Coca-Cola is about to cost you more — thanks to Trump's tariffs

Trump reportedly sips a dozen Diet Cokes a day. His own tariffs mean that habit is about to cost him just a little bit more money.
by Erik Sherman /  / Updated 
President-elect Donald Trump, with   Kellyanne Conway, left, an aide, during a meeting with Arthur Sulzberger Jr., right, publisher of the New York Times, and reporters, editors and columnists from the paper, at the Times building in New York.
President-elect Donald Trump, with Kellyanne Conway, left, an aide, during a meeting with Arthur Sulzberger Jr., right, publisher of the New York Times, and reporters, editors and columnists from the paper, at the Times building in New York, Nov. 22, 2016.Hiroko Masuike / The New York Times via Redux

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Have a Coke and a… frown?

President Donald Trump and millions of others are about to find that their soft drink of choice is going to become a little more expensive — thanks in part to the commander in chief's tariffs.

Coca-Cola CEO James Quincey announced this week that rising costs were driving an unusual mid-year need to raise prices to consumers. The reason is "the freight, the metals, the steel, the aluminum going up, the labor going up," he said during a CNBC interview. He directly mentioned tariffs to the Wall Street Journal.

It wasn't long ago — March, in fact — that Commerce Secretary Wilbur Ross predicted no major impact on consumers from steel and aluminum tariffs.

Ross held up a can of Coke while defending the use of tariffs. "Here's a can of Coca-Cola," Ross said. "Coca-Cola has three cents of aluminum in it. If that goes up 10 percent, that's three-tenths of a percent. I just paid $1.49 for this can of Coke. It doesn't mean anything. So all this hysteria has a lot to do about nothing."

He did something similar at the time with a can of Campbell's Chicken Noodle Soup, noting that a 25 percent tariff on steel would add just six-tenths of a cent in cost. In a May earnings call, a Campbell executive blamed steel tariffs for problems with future profitability.

And now it's Coke, correcting the record.

While the cost increase of one single can may seem negligible, it adds up over the tremendous volume a company like Coca-Cola sees. Looking at the malted beverage sector, according to the Beer Institute, more than 5,000 active breweries in the U.S. last year bought 36 billion aluminum cans and bottles, with the aluminum being the largest single input cost for the can.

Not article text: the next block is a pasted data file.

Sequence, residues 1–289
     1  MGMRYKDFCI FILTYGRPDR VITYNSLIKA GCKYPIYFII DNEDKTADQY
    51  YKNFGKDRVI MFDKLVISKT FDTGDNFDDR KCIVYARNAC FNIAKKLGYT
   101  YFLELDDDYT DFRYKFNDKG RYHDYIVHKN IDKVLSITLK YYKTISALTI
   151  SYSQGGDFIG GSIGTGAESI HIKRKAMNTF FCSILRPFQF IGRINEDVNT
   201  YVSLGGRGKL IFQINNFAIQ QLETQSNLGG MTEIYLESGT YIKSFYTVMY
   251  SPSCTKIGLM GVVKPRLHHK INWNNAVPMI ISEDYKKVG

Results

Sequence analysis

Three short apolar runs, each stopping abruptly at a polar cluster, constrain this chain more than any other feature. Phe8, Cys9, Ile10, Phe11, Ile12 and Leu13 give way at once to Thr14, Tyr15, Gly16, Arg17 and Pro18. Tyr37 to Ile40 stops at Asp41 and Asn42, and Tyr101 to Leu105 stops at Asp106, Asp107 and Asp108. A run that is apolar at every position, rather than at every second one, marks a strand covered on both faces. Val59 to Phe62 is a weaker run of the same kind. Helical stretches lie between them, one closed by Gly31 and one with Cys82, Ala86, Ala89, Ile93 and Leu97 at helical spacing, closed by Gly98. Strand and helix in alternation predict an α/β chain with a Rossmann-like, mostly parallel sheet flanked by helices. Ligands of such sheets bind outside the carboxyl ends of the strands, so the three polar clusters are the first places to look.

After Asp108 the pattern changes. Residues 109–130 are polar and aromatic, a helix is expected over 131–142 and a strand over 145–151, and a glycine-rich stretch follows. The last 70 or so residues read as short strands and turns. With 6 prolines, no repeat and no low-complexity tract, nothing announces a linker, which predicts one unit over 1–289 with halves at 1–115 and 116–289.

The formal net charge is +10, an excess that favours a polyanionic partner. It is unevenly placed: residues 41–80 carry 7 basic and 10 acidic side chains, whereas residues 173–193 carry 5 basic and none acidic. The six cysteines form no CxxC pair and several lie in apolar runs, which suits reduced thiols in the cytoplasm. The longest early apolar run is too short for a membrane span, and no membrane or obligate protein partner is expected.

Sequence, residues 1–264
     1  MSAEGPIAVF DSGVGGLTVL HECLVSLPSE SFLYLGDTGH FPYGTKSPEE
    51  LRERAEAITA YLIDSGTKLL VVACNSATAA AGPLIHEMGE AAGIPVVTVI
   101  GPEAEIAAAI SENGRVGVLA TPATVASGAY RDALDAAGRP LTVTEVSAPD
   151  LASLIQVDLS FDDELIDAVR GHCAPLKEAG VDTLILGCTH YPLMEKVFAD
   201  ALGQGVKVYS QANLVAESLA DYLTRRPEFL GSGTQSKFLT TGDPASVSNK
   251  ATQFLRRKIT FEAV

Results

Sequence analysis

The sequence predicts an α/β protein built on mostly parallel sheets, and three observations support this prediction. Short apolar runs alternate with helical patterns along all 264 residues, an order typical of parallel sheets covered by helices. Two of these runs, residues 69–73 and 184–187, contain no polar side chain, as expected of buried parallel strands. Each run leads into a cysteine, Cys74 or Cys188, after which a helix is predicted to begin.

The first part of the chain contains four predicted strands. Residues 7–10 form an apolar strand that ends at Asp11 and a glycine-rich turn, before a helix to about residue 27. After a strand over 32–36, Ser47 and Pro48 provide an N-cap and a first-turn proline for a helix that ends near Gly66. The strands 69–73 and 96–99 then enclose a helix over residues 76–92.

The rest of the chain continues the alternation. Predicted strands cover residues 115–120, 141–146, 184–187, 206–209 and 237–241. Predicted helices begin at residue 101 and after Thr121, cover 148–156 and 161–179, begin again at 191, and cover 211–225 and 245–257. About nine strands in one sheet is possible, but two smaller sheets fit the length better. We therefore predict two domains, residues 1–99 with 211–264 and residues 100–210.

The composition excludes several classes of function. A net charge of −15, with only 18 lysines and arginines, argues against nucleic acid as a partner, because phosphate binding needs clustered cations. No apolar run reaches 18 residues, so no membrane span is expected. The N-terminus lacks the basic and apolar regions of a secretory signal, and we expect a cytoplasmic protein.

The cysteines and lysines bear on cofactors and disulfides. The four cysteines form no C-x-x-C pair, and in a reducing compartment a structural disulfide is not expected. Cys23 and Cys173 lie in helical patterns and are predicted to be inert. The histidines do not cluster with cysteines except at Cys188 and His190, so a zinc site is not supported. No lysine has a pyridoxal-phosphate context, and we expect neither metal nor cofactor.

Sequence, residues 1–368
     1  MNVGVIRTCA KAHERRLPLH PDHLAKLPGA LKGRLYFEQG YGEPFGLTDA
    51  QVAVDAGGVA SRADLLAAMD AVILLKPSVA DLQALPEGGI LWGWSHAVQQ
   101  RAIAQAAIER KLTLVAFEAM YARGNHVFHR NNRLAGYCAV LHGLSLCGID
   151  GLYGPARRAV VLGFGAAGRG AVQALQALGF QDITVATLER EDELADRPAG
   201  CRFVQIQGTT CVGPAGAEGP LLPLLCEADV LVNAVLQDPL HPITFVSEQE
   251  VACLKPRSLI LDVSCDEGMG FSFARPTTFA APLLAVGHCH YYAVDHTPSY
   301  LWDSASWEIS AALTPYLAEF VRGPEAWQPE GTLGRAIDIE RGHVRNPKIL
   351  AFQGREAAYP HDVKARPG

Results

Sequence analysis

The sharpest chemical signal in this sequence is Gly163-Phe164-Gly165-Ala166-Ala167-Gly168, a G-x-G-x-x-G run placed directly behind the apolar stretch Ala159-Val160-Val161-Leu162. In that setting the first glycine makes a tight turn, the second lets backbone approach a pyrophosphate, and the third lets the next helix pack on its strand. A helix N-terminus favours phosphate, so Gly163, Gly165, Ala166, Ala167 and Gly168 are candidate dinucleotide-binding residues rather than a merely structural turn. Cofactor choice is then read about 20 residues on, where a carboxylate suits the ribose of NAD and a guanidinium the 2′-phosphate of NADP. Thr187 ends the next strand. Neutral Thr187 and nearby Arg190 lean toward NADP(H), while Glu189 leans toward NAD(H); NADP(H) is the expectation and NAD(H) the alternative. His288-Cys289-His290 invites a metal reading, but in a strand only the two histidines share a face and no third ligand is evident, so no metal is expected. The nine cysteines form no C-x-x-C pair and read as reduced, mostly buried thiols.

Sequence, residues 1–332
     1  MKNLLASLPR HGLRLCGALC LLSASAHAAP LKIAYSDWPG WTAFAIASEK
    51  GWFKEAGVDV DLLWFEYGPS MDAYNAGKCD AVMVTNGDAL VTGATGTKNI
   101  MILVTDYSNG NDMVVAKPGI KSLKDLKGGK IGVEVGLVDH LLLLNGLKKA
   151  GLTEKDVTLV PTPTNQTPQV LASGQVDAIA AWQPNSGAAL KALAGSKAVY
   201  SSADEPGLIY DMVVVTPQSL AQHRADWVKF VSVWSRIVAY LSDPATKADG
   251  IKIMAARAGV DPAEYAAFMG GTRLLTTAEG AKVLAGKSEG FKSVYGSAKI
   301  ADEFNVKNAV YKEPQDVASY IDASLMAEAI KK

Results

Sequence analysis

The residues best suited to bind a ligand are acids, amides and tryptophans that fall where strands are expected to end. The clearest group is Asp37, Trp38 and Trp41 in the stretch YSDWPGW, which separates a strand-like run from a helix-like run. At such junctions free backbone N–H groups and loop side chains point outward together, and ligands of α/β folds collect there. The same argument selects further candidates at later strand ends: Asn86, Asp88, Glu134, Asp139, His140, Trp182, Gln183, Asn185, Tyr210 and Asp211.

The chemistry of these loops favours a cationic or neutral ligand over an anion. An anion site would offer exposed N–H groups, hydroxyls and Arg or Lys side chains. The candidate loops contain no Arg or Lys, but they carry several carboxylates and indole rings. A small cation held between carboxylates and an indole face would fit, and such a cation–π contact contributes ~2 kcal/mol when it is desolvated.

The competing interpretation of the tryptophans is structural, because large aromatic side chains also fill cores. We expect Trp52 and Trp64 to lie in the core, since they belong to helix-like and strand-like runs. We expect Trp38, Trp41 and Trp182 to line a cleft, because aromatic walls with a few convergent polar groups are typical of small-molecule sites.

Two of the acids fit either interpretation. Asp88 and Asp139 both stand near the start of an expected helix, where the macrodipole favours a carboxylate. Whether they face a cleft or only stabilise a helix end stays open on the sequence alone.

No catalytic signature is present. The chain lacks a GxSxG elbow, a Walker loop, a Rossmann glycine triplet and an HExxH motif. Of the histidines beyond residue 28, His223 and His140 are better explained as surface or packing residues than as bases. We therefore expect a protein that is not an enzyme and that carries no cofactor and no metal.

"I wonder if that's the case with a can of Coke?" said Jeff Inman, professor of marketing and business administration at the University of Pittsburgh, to NBC News. "If I was Coke, I'd say that information out there about aluminum being a fraction of the price of a can is false. It's, boom, some number. On top of that we're experiencing increased fuel costs. Those are all plausible justifications."

However, it's impossible to tell from the outside how much the company's costs are increasing. "This will allow the drink companies to lock in additional profits for the foreseeable future without the usual incremental price increases," said Robin Lee Allen, managing partner for private equity firm Esperance.

Not that the company is hurting. In its second quarter earnings announcement, Coca-Cola said that unit case volume was up 2 percent, year over year, with Coca-Cola brand beverages leading the increase. Earnings per share were up 68 percent.

The Twitterverse, meanwhile, had its own opinions on the impact of Trump's tariffs, with many noting that the fast food-loving president seemed to be inadvertently supporting a shift in public health policy by making sugary sodas more expensive.

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